Tomato is considered an oxalic acid and vitamin C-rich fruit and has long been marketed as a food item. Its slightly tangy and sweet taste appeals to all. It is considered an essential component of many cuisines, especially for Indian dishes. Tomato also contains antioxidants, vitamins, and other important nutrients. Tomatoes also contain antioxidants and vitamins.
Now, tomato is a natural source of which acid is often a question and the answer to it is oxalic acid. Their vitamin C content decreases as tomatoes mature, while their oxalic acid content increases. This dietary anti-nutrient is known as oxalic acid. Tomato fruits accumulate considerable amounts of oxalate, as do many cereals, vegetables, and legumes. Vitamin C content in tomatoes decreases with ripening, while oxalic acid content increases.
What exactly is oxalic acid?
Oxalates, also called oxalic acid, are a natural compound that occurs naturally in plants. Our bodies produce oxalates as waste and consume plant-based oxalates through our diet. Oxalate is a chemical compound occurring in almost all plants, including fruit, vegetables, and grains. When plants shed their leaves or bark, oxalate binds with calcium and is disposed of. Almost all plants produce oxalic acid in some form, including fruits, vegetables, and grain plants. More than ten different acids are found in tomatoes, including citric acid, ascorbic acid, malic acid, and oxalic acid. According to “The Kidney Stones Handbook,” oxalate does not serve any beneficial purpose in the human body, and urine and stool are almost entirely excreted as waste.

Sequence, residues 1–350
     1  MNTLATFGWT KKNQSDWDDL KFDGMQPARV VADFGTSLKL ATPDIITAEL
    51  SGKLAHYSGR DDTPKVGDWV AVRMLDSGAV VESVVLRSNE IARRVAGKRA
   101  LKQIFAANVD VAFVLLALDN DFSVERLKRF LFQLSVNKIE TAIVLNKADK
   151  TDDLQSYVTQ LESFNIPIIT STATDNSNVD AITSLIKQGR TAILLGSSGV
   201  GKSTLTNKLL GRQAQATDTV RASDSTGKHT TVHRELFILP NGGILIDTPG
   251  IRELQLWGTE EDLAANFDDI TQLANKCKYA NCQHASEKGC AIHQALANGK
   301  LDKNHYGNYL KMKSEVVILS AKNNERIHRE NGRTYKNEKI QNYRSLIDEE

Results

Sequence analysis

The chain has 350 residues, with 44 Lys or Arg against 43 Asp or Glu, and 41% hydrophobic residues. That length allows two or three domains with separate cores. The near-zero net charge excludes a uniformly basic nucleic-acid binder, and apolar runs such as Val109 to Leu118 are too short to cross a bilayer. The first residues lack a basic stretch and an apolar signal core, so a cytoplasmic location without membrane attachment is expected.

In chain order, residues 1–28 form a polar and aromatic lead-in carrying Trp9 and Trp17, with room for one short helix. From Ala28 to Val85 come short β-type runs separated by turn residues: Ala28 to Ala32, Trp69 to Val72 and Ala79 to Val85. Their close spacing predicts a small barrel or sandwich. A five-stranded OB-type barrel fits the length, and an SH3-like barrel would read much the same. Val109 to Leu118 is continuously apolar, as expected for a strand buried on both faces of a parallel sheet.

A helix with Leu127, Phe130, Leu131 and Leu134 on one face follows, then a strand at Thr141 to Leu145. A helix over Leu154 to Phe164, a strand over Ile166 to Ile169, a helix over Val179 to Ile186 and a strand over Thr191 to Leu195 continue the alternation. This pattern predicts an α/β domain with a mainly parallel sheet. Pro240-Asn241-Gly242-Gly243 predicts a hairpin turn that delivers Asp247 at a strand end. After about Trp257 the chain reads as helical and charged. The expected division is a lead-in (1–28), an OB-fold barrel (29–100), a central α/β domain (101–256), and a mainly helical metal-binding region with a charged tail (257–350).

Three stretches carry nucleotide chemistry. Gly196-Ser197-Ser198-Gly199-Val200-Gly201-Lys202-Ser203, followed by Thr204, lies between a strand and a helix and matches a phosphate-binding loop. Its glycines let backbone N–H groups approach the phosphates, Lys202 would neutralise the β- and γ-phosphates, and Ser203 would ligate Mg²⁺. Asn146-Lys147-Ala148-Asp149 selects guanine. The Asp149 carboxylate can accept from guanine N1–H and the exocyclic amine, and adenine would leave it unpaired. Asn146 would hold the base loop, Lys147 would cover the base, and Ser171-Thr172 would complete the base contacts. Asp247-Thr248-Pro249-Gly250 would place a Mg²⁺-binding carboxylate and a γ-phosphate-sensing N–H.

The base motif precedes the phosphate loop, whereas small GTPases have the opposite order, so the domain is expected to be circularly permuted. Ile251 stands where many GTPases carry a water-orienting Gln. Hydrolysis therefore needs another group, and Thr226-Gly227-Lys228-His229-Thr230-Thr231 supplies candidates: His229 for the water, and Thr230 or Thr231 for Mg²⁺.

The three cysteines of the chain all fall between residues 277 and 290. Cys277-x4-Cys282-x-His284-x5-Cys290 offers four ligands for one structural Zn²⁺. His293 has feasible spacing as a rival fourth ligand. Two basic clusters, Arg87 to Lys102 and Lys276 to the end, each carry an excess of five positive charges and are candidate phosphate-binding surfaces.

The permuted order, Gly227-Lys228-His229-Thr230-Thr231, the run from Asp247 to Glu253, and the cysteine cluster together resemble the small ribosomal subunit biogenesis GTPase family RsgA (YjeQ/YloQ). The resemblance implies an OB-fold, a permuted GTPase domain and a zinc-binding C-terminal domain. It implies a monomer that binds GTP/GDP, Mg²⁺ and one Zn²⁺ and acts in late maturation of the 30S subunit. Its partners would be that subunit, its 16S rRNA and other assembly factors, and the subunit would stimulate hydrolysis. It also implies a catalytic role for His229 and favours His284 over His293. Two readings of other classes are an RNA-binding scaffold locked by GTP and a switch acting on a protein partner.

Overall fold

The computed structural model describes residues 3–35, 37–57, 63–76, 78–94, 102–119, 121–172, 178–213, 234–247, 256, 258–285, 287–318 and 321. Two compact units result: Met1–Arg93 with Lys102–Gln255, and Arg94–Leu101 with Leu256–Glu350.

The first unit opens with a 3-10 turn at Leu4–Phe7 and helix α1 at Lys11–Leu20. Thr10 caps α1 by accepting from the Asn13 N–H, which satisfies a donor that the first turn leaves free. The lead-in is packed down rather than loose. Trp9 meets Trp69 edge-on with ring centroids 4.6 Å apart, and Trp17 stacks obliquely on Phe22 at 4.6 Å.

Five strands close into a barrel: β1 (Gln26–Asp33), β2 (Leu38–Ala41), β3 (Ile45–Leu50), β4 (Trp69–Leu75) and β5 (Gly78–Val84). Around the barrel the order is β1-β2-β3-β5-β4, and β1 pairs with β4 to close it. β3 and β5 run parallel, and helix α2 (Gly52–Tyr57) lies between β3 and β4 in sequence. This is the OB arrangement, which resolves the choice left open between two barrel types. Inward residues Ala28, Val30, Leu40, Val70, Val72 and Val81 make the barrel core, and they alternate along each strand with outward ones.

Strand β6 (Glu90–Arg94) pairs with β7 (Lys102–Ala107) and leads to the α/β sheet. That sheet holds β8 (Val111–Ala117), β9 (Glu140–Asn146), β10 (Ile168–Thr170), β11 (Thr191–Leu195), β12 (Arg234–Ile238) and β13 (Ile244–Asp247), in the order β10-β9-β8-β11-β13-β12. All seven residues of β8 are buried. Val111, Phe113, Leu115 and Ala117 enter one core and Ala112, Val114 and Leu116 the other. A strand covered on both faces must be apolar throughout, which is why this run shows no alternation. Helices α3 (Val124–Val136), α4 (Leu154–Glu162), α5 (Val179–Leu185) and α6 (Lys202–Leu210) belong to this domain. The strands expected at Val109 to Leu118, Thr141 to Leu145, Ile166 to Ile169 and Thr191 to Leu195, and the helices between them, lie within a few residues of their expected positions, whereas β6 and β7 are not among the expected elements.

Role of oxalic acid?
Oxalic acid being the answer to the question “Tomato is a natural source of which acid?” also carries the acidic nature and chelating properties making it an effective nutrient stressor in almost all food crops. An anti-nutrient commonly found in human diets is oxalic acid. Excessive intake of fruits, leafy vegetables, cereals, and legumes is the major oxalate source in animals, including humans. Humans can suffer from primary and secondary hyperoxaluria resulting from consuming oxalate-rich food crops in large quantities. This leads to a decrease in kidney function, a disruption in Gly metabolism, and a reduction in blood coagulability. As a result, oxalate ingestion leads to a variety of kidney-related problems. In the presence of calcium oxalate, oxalic acid precipitates in the kidney, causing kidney stones and hypocalcemia.
What can be done to reduce the effects of oxalic acid on tomatoes?
Many researchers have explained that fruit-specific transgenic expression of OXDC allows oxalate to be decarboxylated and oxalic acid to be removed from tomato fruits. Using genetic engineering to modify the OXDC in tomatoes, we show that increasing bioavailable minerals and micronutrients can be achieved through the management of oxalate. The FvOXDC gene was cloned under the control of a fruit-specific promoter to reduce the oxalic acid content specific to fruits of transgenic tomato plants. In addition to potentially reducing oxalate toxicity, reducing the levels of oxalic acid in food crops would also increase the level of minerals and micronutrients in the body.